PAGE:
When I say a response, I mean a written one. In Israel whatever is not written doesn’t exist and it was never said or agreed or ever promised! Not only that, if you move and don’t bother to update your new address with the Ministry of Interior (Misrad HaPnim) and a notice is sent to your old address, it will still be considered as received. You can’t get away by trying to be “smart” or pleading ignorance.

 

6. Debts not paid on time or ignored: This is certainly the most acute and painful problem many Olim are facing in Israel. There is a tremendous gap between the Israeli legal system and all others. If you are sued by the Hotza’a La’poal (a most effective governmental legal vehicle to collect debts) you have no right to respond/defend. One can ask for special permission to do so if s/he can present a reasonable cause of defense. If some defense can be presented, the request for a defense will be granted. The problem is that fulfilling such a request comes with a substantial fee; it is not something we can provide for free. If in the end you lose, the Judge will decide how much compensation you will pay to the other side for his losses in defending his case.

When you receive a lawyer’s letter regarding any debt, it is already costing you more money because this lawyer is not working for free. If you keep ignoring or postponing, as unfortunately too many people do, you will end up receiving a “green notice” (or “Azaara” in Hebrew) from the Hotza’a La’poal and from this stage on, things are much more difficult. From the day you receive it, you have 21 days to pay.

There is a catch here. If you don’t even bother to receive it (i.e., sign for it in the post office that you have accepted the notice), and this notice was sent to your address, it doesn’t matter if you sign or not. By law it is considered as if received by you. Watch out.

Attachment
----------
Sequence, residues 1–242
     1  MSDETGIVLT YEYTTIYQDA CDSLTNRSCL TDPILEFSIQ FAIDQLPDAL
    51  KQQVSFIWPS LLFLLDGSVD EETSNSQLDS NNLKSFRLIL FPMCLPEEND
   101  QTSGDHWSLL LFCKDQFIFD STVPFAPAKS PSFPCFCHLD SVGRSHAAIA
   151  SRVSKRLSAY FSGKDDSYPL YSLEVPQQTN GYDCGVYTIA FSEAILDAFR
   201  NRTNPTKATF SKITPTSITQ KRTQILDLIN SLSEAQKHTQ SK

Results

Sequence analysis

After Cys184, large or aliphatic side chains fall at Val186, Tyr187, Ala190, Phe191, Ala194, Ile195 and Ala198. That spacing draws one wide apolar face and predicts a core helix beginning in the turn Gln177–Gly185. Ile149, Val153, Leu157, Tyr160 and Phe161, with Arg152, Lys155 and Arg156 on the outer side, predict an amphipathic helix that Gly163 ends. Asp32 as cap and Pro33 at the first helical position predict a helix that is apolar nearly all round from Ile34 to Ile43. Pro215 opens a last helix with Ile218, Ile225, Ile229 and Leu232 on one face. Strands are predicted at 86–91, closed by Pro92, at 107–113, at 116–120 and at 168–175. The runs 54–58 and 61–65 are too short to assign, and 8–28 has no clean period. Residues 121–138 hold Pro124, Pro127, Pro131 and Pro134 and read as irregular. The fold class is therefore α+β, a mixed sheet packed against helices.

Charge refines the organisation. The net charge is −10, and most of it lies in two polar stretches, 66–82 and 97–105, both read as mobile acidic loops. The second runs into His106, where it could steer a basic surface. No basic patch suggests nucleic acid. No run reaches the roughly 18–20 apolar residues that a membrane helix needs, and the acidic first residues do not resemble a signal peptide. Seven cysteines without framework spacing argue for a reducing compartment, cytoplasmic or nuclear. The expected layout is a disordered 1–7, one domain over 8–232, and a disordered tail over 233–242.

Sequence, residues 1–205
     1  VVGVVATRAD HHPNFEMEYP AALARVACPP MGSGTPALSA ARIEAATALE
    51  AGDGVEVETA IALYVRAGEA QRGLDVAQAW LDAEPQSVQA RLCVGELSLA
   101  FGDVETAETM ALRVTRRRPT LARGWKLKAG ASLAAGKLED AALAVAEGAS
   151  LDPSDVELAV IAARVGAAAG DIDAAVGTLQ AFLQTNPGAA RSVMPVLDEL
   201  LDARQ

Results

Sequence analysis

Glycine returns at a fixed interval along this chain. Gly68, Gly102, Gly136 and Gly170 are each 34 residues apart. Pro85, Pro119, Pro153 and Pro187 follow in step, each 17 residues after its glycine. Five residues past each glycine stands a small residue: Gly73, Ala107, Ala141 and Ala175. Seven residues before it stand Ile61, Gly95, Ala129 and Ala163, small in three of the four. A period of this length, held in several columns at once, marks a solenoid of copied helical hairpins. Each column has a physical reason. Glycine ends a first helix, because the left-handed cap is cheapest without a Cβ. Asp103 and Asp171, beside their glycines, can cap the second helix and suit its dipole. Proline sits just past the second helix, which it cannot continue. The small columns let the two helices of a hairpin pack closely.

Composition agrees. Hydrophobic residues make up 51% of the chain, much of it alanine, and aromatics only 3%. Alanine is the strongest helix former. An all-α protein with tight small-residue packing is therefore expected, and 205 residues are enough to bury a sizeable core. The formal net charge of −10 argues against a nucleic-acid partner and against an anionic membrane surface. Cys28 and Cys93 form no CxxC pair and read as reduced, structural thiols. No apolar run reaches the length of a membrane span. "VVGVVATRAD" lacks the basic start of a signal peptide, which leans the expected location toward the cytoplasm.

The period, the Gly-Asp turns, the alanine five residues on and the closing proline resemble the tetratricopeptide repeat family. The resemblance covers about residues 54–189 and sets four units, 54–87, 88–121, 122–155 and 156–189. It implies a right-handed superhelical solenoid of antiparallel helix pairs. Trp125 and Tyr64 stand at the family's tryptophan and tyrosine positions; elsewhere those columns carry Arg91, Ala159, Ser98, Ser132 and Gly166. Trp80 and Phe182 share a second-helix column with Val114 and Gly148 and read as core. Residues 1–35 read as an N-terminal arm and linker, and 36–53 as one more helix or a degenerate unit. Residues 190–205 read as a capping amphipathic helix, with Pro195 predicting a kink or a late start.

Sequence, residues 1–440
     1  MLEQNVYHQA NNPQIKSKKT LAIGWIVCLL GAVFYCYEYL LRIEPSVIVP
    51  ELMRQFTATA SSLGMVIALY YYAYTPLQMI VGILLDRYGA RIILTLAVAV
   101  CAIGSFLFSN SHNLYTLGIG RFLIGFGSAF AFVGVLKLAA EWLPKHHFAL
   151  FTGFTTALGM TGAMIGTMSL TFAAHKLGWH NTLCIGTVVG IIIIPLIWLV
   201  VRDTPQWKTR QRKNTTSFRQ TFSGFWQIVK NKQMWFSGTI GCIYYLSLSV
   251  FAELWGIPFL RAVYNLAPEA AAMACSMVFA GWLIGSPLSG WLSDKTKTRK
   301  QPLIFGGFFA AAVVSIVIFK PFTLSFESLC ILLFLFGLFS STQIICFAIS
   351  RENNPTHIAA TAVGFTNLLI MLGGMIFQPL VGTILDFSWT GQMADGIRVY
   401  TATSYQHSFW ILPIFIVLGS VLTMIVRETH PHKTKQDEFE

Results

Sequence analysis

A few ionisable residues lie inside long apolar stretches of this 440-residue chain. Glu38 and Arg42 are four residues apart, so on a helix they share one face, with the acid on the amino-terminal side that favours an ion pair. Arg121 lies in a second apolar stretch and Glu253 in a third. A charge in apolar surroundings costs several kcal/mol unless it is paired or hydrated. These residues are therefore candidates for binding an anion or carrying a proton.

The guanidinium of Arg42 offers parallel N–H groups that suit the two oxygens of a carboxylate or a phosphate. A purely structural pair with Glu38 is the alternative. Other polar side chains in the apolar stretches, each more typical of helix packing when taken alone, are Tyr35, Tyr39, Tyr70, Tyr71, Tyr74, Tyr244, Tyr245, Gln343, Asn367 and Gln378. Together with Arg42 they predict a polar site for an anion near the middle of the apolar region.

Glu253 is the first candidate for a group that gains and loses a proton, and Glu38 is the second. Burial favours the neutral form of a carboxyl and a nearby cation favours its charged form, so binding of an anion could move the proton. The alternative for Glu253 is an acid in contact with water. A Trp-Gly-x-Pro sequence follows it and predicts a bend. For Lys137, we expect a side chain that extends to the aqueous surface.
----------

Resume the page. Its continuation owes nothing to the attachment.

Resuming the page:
A Positive and More Effective Approach

Instead of being depressed, upset and fighting the system, try getting professional advice, because in order to navigate the system in Israel you have to know the Israeli system very well or you will get lost very fast.

Be proactive: listen, learn from the answers the authorities give you, try to understand and if you cannot agree with, or cannot understand, the response or the decision you are being given, only then consider seeking legal assistance and advice.

Don’t try to bend or modify the system. Work with the existing tools to get what you want and do not ever compare the Israeli system with the system you know from the country you came from because Israel isn’t that old country. Those who insist on clinging to the attitude that Israel should change for them will end up frustrated, angry and disappointed. Israel is a country full of immigrants from all over the world – imagine Jews from dozens of countries insisting that Israel change to accommodate the laws and practices of their countries of origin (that could explain the demeanor of service personnel who immigrants have a tendency to complain about)!